Former New York Times opinion editor Bari Weiss has confronted CNN’s Brian Stelter after he suggested a controversial column by a Republican senator that she published ‘endangered lives’.
Weiss appeared on Stelter’s media podcast, Reliable Sources, and said she was still angry at the revolt against the June 2020 column, where Senator Tom Cotton said Donald Trump should send in the military to quell George Floyd protests.
Weiss resigned from the paper weeks after the column was published amid an outcry by liberal activists and after more than 1,000 Times staffers signed a letter protesting the publication.
The Times later said it had been wrong to publish the column and blamed a ‘significant breakdown in our editing processes’. Weiss blasted the paper for ‘living in total fear of an internet mob’.
She now runs her own newsletter, on Substack.
Appearing on Stelter’s podcast on Thursday, Weiss said that it would take ‘an epidemic of courage’ to allow open debate within The New York Times.
She asked the host: ‘Do you believe, Brian, that an op-ed can literally put people’s lives in danger?.
‘Do you believe that that op-ed put people’s lives in danger?’
Bari Weiss (left) appeared on Brian Stelter’s podcast on Thursday and discussed the future of the media, plus her thoughts on the June 2020 op ed by Tom Cotton that ultimately led to her departure from The New York Times
A furious internal backlash followed the controversial June 2020 op-ed from Senator Tom Cotton (above)
‘If 1,000 journalists said ‘No, it is wrong that New York Times editors were fired over an op-ed by a Republican senator, that’s insanity, that’s craziness,’ she said.
‘If 1,000 people stood up and said that rather than 1,000 people in the case of Tom Cotton signing a letter saying their life was in danger, the whole news media would be different.
‘It’s really about people standing up, saying no to the mob, saying yes to free speech and yes to openness to debate, and showing that in doing that, they can not just survive the mob but also come out on the other side of it.’
Stelter said that he believed The New York Times should allow those offended by the content to speak out.
‘Doesn’t there need to be room for the people who feel like the op-ed did endanger their lives?’ he asked Weiss.
‘It doesn’t mean there needs to be capitulation, but their voices should be heard, too.’
Weiss replied: ‘Anyone can feel anything. Do you believe that that op-ed put people’s lives in danger?’
She added: ‘I don’t think that op-ed did, and one of the reasons I’m interested in what you do is the idea that everything is problematic, that everything is hostile.
‘These words have been weaponized in order to be used against people in ways that I feel and I fear.’
The op-ed, titled ‘Send in the Troops’, called for federal troops to respond if there was violent rioting in major U.S. cities.
Times publisher A. G. Sulzberger initially stood behind the decision to publish the piece, but the paper’s leadership buckled in the wake of Twitter backlash, much of it led by the paper’s own employees.
Many Times employees tweeted that running Cotton’s essay put ‘black lives in danger,’ including the lives of black reporters.
Then Weiss resigned, citing ‘constant bullying by colleagues who disagree with my views.’
Weiss has described herself as a ‘left-wing centrist’, but her writing often critiques the perceived excesses of the left, and speaks out against ‘woke’ cancel culture.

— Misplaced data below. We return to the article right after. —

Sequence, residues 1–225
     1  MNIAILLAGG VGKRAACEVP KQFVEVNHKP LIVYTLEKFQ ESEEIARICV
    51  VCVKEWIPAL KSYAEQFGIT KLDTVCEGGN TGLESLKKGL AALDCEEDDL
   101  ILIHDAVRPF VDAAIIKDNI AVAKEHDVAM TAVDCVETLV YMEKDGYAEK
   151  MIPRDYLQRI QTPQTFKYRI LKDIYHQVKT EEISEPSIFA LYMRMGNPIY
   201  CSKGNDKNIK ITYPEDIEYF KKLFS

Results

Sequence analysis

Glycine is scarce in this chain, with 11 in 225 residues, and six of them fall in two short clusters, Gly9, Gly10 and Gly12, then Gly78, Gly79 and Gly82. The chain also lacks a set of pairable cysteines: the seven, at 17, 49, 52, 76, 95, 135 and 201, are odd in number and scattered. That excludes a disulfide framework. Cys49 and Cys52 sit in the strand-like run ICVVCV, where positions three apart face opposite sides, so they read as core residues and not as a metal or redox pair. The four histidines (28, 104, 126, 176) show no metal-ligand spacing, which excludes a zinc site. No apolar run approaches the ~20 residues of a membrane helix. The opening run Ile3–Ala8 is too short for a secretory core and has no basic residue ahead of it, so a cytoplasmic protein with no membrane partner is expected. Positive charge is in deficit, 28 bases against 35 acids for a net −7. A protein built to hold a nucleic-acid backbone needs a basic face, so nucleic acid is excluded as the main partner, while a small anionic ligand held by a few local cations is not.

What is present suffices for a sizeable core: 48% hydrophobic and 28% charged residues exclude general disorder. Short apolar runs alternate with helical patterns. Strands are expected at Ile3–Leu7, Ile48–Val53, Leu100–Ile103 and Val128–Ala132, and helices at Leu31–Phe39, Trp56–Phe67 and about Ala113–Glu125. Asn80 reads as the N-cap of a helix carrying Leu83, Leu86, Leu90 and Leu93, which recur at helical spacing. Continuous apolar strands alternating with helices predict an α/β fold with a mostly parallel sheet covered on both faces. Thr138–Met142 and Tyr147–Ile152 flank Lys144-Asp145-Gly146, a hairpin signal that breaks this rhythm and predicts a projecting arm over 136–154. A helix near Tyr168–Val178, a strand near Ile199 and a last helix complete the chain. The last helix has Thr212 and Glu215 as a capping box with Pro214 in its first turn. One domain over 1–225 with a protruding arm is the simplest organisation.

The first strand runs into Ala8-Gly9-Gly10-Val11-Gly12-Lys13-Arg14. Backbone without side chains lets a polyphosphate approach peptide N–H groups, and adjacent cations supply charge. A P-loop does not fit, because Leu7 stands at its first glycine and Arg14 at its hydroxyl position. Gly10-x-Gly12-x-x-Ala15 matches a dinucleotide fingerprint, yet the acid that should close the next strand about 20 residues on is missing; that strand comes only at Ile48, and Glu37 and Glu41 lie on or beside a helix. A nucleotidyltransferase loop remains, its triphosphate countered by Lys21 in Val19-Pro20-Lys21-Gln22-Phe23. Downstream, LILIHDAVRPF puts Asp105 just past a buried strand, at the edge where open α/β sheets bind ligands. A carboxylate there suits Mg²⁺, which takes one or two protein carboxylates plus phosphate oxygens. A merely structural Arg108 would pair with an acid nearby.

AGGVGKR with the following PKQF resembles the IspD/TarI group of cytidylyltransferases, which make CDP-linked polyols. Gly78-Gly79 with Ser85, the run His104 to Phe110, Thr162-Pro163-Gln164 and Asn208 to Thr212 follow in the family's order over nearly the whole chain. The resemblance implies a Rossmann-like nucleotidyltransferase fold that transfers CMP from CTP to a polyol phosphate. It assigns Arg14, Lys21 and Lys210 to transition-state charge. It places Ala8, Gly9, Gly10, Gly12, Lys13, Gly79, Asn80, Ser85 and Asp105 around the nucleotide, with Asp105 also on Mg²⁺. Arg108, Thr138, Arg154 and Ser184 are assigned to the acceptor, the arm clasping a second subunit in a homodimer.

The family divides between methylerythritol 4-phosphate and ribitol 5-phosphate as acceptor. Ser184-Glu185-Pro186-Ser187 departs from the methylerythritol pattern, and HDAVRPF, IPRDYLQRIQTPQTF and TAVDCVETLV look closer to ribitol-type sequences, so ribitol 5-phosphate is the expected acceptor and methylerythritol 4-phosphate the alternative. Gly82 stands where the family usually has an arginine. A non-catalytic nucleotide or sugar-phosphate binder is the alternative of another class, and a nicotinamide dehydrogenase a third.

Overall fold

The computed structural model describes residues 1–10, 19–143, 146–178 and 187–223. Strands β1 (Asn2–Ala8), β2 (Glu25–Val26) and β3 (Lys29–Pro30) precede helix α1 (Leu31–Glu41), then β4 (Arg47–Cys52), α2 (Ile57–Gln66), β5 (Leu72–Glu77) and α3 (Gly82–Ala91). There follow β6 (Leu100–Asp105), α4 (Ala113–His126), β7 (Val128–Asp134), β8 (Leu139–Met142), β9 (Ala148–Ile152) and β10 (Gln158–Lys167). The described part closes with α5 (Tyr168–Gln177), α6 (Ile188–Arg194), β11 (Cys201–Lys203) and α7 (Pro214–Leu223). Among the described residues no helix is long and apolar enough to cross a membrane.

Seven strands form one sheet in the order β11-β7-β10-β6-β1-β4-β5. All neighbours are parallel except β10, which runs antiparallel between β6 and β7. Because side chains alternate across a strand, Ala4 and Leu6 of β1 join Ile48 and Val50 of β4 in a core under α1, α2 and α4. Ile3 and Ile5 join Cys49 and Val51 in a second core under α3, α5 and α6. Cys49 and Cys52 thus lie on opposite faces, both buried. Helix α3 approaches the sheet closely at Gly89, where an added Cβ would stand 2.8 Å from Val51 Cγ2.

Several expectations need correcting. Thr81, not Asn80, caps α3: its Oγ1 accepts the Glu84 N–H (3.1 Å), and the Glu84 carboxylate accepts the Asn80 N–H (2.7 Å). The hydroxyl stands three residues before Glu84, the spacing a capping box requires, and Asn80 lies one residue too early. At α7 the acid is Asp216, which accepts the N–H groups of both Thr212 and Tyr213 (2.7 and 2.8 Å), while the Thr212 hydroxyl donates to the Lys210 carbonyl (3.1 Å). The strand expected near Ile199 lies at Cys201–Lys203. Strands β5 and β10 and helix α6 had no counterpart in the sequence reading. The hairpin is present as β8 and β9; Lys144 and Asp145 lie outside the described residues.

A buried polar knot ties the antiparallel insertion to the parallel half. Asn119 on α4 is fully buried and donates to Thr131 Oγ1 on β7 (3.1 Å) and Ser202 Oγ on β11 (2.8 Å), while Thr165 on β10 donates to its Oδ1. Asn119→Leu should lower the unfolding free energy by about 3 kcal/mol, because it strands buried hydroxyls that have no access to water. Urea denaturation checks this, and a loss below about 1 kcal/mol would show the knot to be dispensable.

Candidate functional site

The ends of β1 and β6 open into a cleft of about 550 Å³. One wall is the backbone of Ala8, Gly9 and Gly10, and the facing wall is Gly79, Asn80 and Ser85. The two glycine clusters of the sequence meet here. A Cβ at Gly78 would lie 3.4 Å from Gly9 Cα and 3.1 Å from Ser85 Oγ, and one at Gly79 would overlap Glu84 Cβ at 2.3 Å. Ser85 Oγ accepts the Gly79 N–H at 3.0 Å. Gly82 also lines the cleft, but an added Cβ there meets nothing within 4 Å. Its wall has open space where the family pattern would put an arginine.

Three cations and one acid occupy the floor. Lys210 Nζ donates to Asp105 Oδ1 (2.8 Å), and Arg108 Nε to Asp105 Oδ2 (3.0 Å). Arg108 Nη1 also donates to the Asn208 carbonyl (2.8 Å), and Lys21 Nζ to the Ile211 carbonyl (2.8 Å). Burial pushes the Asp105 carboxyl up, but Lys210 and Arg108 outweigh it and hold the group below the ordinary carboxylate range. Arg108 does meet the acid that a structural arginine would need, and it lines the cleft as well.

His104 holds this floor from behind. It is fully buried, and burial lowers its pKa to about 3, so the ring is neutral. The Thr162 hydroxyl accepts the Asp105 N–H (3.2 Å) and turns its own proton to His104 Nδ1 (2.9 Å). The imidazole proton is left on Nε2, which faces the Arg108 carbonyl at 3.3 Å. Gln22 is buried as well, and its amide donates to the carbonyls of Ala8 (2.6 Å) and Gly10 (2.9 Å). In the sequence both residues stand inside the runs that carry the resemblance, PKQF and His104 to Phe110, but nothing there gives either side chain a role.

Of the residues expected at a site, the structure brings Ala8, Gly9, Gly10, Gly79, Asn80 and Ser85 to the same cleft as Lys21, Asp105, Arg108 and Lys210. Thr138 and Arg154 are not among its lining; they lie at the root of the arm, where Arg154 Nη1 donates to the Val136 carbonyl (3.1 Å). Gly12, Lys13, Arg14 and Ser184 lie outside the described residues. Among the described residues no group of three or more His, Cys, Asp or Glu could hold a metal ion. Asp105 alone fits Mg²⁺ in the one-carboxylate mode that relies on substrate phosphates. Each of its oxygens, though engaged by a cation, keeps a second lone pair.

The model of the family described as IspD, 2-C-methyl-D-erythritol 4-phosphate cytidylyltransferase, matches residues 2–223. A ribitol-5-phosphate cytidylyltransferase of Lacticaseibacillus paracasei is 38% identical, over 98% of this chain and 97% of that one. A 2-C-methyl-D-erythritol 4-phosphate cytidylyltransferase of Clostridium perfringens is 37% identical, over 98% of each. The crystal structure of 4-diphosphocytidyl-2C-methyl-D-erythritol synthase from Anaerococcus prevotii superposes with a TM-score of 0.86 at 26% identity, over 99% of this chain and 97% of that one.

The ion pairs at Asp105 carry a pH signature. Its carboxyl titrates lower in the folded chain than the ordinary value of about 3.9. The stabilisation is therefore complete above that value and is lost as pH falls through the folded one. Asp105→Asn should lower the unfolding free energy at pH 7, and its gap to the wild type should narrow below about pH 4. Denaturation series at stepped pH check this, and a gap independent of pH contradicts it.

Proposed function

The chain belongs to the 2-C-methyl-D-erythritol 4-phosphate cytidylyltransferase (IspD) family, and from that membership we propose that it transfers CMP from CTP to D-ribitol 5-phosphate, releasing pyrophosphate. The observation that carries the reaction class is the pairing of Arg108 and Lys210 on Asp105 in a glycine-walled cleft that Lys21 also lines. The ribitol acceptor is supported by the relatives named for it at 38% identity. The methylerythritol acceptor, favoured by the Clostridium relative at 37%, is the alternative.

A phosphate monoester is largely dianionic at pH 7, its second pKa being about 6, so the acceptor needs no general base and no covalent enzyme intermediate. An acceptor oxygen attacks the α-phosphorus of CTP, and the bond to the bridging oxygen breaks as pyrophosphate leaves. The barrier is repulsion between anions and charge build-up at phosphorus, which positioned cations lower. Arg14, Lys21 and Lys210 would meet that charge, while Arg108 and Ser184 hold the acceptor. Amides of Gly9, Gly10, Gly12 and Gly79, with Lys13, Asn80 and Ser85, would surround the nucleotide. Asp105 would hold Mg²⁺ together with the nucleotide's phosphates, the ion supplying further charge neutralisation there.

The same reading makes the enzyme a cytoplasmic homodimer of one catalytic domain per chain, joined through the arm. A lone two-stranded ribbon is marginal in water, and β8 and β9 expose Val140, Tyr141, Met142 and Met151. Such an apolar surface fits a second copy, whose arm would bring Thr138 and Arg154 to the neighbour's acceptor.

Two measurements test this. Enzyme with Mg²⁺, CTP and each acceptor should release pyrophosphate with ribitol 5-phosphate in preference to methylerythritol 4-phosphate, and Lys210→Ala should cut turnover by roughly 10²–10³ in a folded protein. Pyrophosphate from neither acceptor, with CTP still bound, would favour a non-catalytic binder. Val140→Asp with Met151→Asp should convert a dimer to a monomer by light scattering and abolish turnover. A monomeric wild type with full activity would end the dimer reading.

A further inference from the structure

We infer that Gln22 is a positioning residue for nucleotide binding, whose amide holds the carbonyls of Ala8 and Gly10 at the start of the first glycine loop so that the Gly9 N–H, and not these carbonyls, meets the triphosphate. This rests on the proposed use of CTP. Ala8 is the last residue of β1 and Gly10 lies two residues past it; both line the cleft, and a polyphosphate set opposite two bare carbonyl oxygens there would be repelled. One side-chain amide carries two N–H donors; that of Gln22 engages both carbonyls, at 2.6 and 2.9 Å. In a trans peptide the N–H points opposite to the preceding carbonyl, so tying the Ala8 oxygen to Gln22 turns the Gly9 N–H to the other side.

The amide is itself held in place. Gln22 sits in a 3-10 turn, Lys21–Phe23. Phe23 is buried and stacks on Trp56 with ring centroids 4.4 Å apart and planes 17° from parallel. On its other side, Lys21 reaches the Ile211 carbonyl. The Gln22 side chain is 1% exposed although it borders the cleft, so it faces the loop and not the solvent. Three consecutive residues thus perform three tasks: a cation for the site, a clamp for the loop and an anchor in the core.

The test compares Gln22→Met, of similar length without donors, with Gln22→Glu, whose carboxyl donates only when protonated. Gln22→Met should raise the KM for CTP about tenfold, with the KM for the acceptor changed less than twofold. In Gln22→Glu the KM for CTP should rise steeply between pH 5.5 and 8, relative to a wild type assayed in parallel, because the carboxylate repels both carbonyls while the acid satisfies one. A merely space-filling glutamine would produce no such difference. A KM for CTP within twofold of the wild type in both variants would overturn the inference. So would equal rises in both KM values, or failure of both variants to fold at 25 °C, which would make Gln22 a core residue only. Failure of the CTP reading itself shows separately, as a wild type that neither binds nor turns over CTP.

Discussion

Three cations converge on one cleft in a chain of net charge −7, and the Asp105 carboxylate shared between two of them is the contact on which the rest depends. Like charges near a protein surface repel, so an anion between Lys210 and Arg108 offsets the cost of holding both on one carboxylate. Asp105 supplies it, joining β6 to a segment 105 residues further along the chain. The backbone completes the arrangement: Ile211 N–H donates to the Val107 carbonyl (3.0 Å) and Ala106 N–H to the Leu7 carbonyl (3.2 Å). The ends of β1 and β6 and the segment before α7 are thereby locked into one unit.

‘Twitter is not on the masthead of The New York Times. But Twitter has become its ultimate editor,’ Weiss wrote in a furious public resignation letter.
‘As the ethics and mores of that platform have become those of the paper, the paper itself has increasingly become a kind of performance space.’
Cotton’s op-ed was eviscerated on Twitter by the New York Times community and many readers declared their intent to stop reading the publication altogether
Weiss, in her resignation letter, said her opinions had resulted in her being bullied by coworkers.
She described the Times as a ‘hostile work environment’ and criticized management for allowing her coworkers to ‘publicly smear’ her on Twitter and also on company-wide Slack messaging channels.
Weiss said some employees would post an axe emoji next to her name on company Slack channels and others would discuss the need for her to ‘rooted out’ if the NYT was ‘truly inclusive’.
James Bennet left the Times Opinion section last summer following intense criticism from colleagues over various controversies
‘My own forays into Wrongthink have made me the subject of constant bullying by colleagues who disagree with my views. They have called me a Nazi and a racist; I have learned to brush off comments about how I’m ‘writing about the Jews again’,’ Weiss wrote in her resignation letter.
‘Several colleagues perceived to be friendly with me were badgered by coworkers. My work and my character are openly demeaned on company-wide Slack channels where masthead editors regularly weigh in.
‘There, some coworkers insist I need to be rooted out if this company is to be a truly ‘inclusive’ one, while others post ax emojis next to my name. Still other New York Times employees publicly smear me as a liar and a bigot on Twitter with no fear that harassing me will be met with appropriate action. They never are.’
She went on to describe that behavior as unlawful discrimination, hostile work environment and constructive discharge.
‘I do not understand how you have allowed this kind of behavior to go on inside your company in full view of the paper’s entire staff and the public.
‘And I certainly can’t square how you and other Times leaders have stood by while simultaneously praising me in private for my courage,’ she wrote.
Weiss’s Substack is now attracting widespread attention for its focus on cancel culture, transgender issues and freedom of speech, among other contentious issues.